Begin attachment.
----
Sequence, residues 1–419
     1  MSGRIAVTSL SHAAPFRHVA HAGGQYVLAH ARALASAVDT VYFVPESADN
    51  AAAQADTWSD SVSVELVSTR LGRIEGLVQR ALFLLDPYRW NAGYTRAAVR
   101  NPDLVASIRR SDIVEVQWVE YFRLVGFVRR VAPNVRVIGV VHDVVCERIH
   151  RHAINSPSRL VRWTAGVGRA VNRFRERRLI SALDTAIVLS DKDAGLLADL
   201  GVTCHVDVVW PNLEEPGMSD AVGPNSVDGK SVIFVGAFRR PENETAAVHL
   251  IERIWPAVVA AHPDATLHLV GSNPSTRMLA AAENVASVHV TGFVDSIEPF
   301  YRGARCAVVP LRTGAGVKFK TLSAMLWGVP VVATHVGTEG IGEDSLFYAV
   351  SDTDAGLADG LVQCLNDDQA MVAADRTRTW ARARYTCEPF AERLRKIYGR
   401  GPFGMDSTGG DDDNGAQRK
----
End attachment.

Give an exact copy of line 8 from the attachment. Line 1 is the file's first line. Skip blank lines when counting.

   301  YRGARCAVVP LRTGAGVKFK TLSAMLWGVP VVATHVGTEG IGEDSLFYAV